Not only should worship be passionate, but it should be explored, discussed and felt deeply and with much conviction. This is extremely evident in AW Tozer’s book, Whatever Happened to Worship. Through a series of printed sermons, Tozer lays forth an aggressive consideration of the current state of congregational and personal worship and offers the church a beautiful way forward in our worship of God.
Tozer very much believes that there is a correlation between worship and Christian service. While some people would say that if the church will worship more, “no one will do anything” (19). In fact the opposite may be true. Tozer believes that everyone will do more and do it with a deeper understanding of the meaning behind Christian deeds. This is an important observation for Christian leaders, whose responsibility it is to equip the saints for good works. Accordingly, the pastor who helps his congregation to give them selves to worship will see his congregation give themselves to the work of the kingdom of God.
I really appreciated Tozer’s comparison of the Roman empire’s demise to the church’s demise in worship. Many times, Christians blame outside influences for the weakness in their local church’s worship. Often there are complaints of not being able to compete with music video channels on television, or with local concerts. I believe it is a sad day when our worship becomes a part of a competition! Tozer points any blame for internal worship decay directly onto the church as it deviates from it’s original purpose. When a church behaves like a social club or a current events forum (96), the worship will not be all that God dreamed of for His church.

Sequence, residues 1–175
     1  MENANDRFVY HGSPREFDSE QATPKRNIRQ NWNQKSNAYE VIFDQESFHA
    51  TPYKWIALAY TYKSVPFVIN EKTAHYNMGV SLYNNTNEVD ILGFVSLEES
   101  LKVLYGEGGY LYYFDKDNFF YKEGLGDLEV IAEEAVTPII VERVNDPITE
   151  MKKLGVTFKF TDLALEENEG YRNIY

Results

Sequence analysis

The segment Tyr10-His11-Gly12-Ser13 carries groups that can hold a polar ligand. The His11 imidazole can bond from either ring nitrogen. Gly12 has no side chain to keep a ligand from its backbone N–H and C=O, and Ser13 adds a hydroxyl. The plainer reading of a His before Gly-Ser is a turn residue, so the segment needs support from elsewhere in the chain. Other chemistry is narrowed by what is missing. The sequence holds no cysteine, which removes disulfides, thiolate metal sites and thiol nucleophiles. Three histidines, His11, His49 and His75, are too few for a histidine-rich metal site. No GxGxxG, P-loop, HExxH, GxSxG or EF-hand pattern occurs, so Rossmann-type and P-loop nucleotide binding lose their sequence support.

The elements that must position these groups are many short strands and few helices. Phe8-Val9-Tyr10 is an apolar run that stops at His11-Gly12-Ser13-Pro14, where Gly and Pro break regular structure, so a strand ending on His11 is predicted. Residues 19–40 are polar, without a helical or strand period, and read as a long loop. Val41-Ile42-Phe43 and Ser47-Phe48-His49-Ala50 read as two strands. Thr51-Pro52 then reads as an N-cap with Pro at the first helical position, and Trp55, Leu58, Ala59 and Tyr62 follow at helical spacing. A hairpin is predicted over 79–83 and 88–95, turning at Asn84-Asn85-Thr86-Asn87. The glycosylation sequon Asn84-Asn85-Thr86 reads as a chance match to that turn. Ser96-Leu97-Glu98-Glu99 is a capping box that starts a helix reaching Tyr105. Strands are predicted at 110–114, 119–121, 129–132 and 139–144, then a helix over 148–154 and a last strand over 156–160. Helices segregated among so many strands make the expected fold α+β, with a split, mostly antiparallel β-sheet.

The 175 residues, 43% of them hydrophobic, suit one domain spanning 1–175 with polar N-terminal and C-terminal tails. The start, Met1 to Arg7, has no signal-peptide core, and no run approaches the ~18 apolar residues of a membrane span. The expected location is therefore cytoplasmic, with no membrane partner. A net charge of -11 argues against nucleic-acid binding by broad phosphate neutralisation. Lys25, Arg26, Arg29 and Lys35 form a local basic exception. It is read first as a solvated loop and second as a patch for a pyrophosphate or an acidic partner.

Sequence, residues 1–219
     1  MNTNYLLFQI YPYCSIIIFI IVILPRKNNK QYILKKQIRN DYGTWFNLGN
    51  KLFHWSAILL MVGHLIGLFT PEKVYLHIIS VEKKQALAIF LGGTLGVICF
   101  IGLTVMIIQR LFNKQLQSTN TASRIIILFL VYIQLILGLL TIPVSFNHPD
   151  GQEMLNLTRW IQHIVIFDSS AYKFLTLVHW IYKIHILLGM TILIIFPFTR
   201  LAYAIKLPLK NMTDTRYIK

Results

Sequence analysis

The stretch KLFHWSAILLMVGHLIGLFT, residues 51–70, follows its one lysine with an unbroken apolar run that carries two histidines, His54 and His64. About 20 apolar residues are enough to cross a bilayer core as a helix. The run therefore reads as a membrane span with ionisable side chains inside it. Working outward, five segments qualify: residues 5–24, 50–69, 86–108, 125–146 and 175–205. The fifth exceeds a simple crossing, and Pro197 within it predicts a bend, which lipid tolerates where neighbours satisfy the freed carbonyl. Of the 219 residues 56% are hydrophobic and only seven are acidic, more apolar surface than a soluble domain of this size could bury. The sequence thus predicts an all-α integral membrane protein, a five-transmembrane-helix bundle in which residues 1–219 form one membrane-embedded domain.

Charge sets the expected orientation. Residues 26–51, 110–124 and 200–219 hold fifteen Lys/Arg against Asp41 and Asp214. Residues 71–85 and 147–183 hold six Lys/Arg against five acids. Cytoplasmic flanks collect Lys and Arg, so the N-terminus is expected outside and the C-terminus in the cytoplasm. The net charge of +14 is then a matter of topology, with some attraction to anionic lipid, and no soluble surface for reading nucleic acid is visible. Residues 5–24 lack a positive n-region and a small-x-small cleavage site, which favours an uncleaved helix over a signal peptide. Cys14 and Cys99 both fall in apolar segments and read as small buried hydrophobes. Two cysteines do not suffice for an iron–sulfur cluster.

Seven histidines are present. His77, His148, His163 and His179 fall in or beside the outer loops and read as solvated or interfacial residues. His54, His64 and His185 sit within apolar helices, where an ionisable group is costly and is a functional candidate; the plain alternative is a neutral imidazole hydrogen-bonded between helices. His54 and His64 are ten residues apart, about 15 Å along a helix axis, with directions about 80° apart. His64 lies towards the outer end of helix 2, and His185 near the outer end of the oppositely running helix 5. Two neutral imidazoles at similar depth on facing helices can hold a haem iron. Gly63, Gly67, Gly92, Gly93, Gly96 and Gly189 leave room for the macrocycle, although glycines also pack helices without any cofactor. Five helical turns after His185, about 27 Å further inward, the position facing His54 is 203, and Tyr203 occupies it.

This book is a concise discussion of the current state of worship in the western church, we would do well to heed it’s observations, warnings and instructions. As a pastor Tozer had a strong desire to help his church experience true worship and this comes across clearly in this book. He encourages Christians to give up whatever is holding them back, whether it is from sin or mere inhibition, and to worship our Creator with spirit and truth.